In the mainstream, being wrong is grounds for promotion. Being consistently wrong will propel you to superstardom. From Daniel Davis at www.19fortyfive.com:
Image: Creative Commons.
Listening to television commentary and interviews of retired U.S. generals, one would be forgiven for believing Russia is on the ropes, and Ukraine was winning the war. Looking at on-the-ground battlefield reality in Ukraine, however, it quickly becomes apparent that the generals’ boasts continue a decade-long trend of rosy combat proclamations that all too often turn out to be disastrously wrong. American media, Congress, and the public need to start applying a little more scrutiny to what these officers say.
For example, retired Gen. Ben Hodges said last week that the “Russians are exhausted,” from four months of fighting and that if “the West sticks together through this year, then I think (the war) will be over (early 2023).” Earlier this month, retired Gen. Mark Hertling told a CNN audience that as Ukraine “gets more and more artillery” from the West, Hertling concluded that he believes “you’re going to see a gradual turn in the tide.”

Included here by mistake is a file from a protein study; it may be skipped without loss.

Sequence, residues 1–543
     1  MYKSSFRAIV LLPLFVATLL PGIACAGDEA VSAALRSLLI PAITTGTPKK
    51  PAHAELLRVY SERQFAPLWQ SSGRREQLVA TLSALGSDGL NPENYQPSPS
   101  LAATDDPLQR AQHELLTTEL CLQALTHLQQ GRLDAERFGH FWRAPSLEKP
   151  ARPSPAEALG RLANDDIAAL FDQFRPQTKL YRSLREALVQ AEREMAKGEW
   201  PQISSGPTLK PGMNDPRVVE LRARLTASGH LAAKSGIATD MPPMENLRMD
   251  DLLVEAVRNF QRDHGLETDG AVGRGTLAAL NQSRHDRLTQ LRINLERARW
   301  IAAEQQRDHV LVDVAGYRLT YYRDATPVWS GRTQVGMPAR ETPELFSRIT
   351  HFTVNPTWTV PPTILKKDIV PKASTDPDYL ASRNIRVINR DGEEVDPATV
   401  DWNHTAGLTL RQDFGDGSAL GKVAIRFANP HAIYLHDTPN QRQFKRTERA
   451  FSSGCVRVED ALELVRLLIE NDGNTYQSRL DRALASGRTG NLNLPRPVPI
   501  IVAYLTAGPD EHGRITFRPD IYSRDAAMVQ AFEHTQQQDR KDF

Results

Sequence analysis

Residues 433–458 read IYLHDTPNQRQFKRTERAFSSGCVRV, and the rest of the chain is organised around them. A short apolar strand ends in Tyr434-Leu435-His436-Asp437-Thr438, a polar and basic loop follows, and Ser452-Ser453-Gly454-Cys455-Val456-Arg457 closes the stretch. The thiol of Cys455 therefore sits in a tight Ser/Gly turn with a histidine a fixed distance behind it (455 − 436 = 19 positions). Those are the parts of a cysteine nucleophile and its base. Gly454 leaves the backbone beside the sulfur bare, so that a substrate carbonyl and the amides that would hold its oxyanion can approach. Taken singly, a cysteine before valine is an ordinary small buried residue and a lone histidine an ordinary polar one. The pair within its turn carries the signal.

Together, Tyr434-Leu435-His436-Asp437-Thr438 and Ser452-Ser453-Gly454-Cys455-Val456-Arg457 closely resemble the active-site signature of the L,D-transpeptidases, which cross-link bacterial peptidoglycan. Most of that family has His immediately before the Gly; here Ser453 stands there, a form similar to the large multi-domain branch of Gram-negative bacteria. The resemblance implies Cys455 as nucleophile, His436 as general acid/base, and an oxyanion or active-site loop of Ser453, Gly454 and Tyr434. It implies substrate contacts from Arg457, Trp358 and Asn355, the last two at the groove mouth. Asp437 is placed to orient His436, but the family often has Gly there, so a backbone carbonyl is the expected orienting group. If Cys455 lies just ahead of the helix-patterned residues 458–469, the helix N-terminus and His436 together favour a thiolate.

On July 10th, former Vice Chief of Staff of the U.S. Army, Gen. Jack Keane – echoing Generals Hodges and Hertling – told Fox News that despite Russia’s progress in the Donbas, the “Ukrainians still have a real opportunity…to take back territory and we should not underestimate them.”